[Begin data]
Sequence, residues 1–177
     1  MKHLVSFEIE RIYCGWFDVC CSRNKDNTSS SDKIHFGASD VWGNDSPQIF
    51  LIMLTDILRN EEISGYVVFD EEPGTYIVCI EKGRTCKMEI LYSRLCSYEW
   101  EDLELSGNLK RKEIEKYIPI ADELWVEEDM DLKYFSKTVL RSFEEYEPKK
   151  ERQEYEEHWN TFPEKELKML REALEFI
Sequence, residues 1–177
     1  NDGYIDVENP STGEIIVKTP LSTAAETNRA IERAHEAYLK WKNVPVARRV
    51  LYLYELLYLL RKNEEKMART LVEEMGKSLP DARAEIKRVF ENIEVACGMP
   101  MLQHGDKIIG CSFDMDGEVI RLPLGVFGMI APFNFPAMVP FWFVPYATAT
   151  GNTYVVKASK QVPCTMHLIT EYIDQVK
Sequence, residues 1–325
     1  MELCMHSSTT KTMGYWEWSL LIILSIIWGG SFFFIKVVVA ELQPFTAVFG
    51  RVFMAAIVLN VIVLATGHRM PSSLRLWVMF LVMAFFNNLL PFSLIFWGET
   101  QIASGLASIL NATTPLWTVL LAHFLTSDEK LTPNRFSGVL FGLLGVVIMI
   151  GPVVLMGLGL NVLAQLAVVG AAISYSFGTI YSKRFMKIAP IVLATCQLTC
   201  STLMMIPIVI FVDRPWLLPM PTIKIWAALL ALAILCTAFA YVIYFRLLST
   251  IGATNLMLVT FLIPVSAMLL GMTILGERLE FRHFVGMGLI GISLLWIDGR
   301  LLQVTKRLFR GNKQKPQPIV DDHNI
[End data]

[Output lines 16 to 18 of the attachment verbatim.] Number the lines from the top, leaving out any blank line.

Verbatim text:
   201  STLMMIPIVI FVDRPWLLPM PTIKIWAALL ALAILCTAFA YVIYFRLLST
   251  IGATNLMLVT FLIPVSAMLL GMTILGERLE FRHFVGMGLI GISLLWIDGR
   301  LLQVTKRLFR GNKQKPQPIV DDHNI